Monday, August 4, 2014

Twelve Years A Slave

Solomon Northup was a freeman that was born and raised in New York. In 1841 he was drugged and kidnapped. He was illegally sold into slavery down south far from his family and friends. He endures horrifying events as a slave. He is finally rescued when he manages to send a letter to friends in the north, who come help him escape life as a slave. This is his memoir of his twelve years as a slave.

I appreciated the great effort Solomon Northup makes to make it clear that he is writing his own experiences, and does not claim that his experience is the same as everyone else who lived as a slave. In fact, I found his memoir to be quite unique among slave narratives that I have read. I had never read a book or memoir about a man who was born free in the northern United States, who was kidnapped and sold into slavery, and managed to regain his freedom.

One of the many aspects that is different from other narratives is that he uses real names, which does not happen very often in slave narratives. Because of fugitive slave laws, many slaves that escaped and wrote about their experiences were afraid of being captured and returned to slavery if people were able to figure out who they were. They were also reluctant to endanger those that had helped them in any way. I would be interested in learning if there were any consequences to Solomon for using actual names.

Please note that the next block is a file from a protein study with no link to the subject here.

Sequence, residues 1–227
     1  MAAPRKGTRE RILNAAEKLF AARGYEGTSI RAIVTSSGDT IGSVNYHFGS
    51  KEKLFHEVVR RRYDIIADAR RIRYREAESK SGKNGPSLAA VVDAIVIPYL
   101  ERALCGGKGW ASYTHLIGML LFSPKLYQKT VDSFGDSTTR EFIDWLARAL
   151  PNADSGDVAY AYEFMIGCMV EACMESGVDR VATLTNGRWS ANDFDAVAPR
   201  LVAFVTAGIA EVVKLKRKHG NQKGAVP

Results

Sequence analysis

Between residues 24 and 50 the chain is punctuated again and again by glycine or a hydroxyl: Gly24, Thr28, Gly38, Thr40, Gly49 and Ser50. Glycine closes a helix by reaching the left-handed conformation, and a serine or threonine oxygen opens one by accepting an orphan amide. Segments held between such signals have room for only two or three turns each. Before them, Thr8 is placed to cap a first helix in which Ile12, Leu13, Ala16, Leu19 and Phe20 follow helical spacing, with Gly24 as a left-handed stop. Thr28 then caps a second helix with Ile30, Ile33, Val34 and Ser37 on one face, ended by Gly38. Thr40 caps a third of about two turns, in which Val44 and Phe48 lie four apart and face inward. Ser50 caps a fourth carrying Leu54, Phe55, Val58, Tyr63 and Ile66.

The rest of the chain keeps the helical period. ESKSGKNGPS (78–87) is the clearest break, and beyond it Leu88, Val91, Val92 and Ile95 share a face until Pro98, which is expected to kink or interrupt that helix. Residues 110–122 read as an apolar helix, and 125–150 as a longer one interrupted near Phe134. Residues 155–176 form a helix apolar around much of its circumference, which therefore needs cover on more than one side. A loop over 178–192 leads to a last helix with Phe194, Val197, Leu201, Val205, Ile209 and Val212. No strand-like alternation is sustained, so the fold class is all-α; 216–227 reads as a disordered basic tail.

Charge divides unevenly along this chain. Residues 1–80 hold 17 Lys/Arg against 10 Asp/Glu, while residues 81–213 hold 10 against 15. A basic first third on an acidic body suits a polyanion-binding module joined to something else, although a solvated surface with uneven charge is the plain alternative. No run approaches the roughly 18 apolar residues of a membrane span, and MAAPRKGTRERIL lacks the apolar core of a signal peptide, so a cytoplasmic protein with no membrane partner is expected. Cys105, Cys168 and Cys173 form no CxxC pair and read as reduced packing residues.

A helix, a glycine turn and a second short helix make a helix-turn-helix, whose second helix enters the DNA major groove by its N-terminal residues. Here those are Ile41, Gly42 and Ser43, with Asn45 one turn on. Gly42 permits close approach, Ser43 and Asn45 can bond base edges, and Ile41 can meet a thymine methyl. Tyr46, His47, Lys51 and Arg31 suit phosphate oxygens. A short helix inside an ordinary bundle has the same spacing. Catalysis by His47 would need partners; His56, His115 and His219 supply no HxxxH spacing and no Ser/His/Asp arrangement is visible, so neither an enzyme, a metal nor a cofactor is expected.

I thought it was written in a very clear and concise way, Solomon makes clear the physical as well as the psychological horrors of being a slave. He is careful to point out when he is repeating information that is told to him, and he does not know for certain the truth of it. It was a moving and horrifying book to read. It was a very powerful account about one man's experiences as a slave in the United States.

I have not yet seen the movie that recently came out about this book, but I hope to see it soon. I am pleased that it brought new attention to this book, as it is an important book to read about slavery in the United States. I had not heard about it until recently, and am glad that it was brought to my attention.

I recommend reading this book.

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